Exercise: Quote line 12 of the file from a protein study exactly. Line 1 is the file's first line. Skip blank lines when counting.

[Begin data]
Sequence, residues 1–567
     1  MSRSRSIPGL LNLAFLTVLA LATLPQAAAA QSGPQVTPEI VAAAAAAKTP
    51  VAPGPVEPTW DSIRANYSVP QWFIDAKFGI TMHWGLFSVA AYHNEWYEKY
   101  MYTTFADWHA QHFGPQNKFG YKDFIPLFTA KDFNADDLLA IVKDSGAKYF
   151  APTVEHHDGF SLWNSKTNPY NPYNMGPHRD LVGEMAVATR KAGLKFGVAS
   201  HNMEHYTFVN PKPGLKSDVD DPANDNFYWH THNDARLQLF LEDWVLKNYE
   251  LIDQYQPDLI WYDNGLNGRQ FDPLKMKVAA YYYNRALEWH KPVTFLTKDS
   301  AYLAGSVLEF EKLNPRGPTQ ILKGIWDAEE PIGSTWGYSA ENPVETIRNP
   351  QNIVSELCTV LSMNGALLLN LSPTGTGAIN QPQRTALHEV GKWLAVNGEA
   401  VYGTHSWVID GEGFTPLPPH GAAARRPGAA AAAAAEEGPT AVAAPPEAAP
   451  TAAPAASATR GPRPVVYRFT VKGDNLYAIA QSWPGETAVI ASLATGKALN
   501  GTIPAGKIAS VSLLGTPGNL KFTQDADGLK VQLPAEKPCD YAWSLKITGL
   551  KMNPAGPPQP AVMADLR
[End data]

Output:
   501  GTIPAGKIAS VSLLGTPGNL KFTQDADGLK VQLPAEKPCD YAWSLKITGL